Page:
I already have a indoor ATSC antenna and I get my local NBC, ABC, CBS, FOX and the subchannels like metv, escape, and comet. The only Network I don't get is PBS but I think I might be to close to their tower less than 4 miles. I also have a roku to add to the library. So I have the basics covered the FTA is just to add to what I already have and I admit curiousity and the challenge of setting it up is appealling to me as well. Mostly the idea of wildfeeds, and being able to have a little jump on news is what is kind of driving this project.
 

harshness

SatelliteGuys Master
May 5, 2007
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Salem, OR
Mostly the idea of wildfeeds, and being able to have a little jump on news is what is kind of driving this project.
Wild feeds perhaps aren't as available as they used to be. Many of the TV stations have moved towards microwave or the Internet for more direct uploading. Of course because they're "wild", you really never know where or when they'll show up.
 

jholt5638

Thread Starter
SatelliteGuys Family
Jul 10, 2017
80
49
Toledo, Ohio USA
either way I think I will get $40 worth of entertainment just setting it up and seeing what I can pull down by kitbashing it together. If anything I will learn something I didn't know before either from actually getting to work or watching the programming. That is what is fun for me making stuff do things it normally isn't meant to. Always been that way from playing with VFO's on my CB radio, getting my C-64 online to playing with emulators. I'm not expecting to get cable/network channels for free. From reading the posts here especially danristheman's threads I have a rough idea of what to expect in terms of programming and limitations. At the price I am paying even if I only find one channel that I like or learn one thing I didn't know before it's worth it to me.
 
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harshness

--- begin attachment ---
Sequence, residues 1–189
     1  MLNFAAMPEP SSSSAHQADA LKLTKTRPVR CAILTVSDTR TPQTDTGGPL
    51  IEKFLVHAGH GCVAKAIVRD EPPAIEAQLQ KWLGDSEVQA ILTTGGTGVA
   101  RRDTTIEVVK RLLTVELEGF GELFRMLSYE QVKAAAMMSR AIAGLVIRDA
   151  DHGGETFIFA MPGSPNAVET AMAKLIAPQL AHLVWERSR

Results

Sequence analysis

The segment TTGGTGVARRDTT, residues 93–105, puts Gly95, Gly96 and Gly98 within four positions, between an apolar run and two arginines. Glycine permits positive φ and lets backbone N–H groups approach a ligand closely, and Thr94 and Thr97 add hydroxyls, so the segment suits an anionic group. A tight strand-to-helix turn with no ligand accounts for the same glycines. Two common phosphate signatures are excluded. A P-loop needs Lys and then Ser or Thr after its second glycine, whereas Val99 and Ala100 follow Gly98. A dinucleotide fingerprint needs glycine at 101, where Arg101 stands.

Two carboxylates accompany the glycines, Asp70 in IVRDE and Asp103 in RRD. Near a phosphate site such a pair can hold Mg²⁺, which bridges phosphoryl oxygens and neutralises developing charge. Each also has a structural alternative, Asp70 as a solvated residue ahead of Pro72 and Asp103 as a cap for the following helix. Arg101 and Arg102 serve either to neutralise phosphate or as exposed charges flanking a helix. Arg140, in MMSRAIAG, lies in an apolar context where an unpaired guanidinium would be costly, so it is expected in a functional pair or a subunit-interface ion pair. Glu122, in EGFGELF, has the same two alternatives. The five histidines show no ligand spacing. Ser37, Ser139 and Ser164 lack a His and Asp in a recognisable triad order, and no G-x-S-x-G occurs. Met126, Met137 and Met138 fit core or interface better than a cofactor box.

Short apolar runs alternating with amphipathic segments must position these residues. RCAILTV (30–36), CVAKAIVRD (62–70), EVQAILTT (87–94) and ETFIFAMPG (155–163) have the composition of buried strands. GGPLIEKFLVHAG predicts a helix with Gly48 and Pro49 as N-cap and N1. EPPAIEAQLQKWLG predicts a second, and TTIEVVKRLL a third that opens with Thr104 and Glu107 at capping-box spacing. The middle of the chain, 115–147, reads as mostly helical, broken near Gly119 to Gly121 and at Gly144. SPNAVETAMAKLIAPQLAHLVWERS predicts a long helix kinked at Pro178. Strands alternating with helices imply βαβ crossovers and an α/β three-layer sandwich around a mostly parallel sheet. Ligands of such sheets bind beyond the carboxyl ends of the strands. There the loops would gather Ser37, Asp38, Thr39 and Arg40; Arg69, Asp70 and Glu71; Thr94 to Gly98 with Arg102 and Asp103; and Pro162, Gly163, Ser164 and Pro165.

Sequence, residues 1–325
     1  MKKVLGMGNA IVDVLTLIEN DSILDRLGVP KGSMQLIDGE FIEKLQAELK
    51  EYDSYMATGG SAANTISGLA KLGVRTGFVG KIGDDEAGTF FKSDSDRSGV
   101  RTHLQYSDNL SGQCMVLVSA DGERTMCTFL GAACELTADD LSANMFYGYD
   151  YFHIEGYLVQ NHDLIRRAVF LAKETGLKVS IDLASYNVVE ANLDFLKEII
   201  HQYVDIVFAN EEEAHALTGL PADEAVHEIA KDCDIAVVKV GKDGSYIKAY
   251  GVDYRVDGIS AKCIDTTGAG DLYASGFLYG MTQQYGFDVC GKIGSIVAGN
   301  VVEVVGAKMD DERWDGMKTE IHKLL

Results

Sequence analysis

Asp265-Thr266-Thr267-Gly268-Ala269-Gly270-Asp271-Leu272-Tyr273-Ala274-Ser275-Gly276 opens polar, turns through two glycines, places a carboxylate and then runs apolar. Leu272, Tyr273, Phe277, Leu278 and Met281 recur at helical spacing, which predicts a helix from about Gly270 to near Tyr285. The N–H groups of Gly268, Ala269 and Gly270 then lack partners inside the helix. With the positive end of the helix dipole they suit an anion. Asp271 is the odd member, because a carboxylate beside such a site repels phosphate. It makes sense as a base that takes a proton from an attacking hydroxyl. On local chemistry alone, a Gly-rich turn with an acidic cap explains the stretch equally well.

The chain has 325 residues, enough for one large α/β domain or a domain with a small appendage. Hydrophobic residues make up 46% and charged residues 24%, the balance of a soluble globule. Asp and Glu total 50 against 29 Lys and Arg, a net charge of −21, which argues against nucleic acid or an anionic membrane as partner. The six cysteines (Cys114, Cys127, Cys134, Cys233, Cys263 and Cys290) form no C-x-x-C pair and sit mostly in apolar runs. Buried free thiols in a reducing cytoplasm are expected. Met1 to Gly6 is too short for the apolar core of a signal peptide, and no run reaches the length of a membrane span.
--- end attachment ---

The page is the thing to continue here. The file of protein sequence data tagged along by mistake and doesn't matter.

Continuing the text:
SatelliteGuys Master
May 5, 2007
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Salem, OR
At the price I am paying even if I only find one channel that I like or learn one thing I didn't know before it's worth it to me.
Perhaps what threw me off is that you early on expressed some concern about the element of WAF from the spousal unit.
 

jholt5638

Thread Starter
SatelliteGuys Family
Jul 10, 2017
80
49
Toledo, Ohio USA
Well $40 is easier for the Spousal Unit to accept than me going absolutely nuts and spending $100's or $1000's for a massive setup. It scratches my itch and doesn't break the bank. Sooner or later I'll get the bigger dish and c-band but I'll have hour's of fun just trying to point what I got at different sat's.
 

danristheman

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Jan 25, 2011
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A good line of sight is the first thing you need. You can reuse the RG6 cables like how I did if they are in good shape, but switches for swim stuff you don't need toss them out. I would aim for 97w ku galaxy 19 in your area you have a good signal for it. It should be 40 degrees elevation since you are straight east from me. Remember take your time enjoy this hobby it fun and a learning process you learn how satellites how they work.
 

MosFET77

SatelliteGuys Pro
Nov 25, 2016
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Helenwood, Tennessee
A good line of sight is the first thing you need. You can reuse the RG6 cables like how I did if they are in good shape, but switches for swim stuff you don't need toss them out. I would aim for 97w ku galaxy 19 in your area you have a good signal for it. It should be 40 degrees elevation since you are straight east from me. Remember take your time enjoy this hobby it fun and a learning process you learn how satellites how they work.

Yes its a learning process, A hint - when using lnbf - 600 is for universal lnbf and 750 is for standard lnbf. This was the first mistake I made! So letting you know so you learn from my mistake! :) For me the 600 seems to take longer to scan but a little bit more power then the 750. But that's just my observation.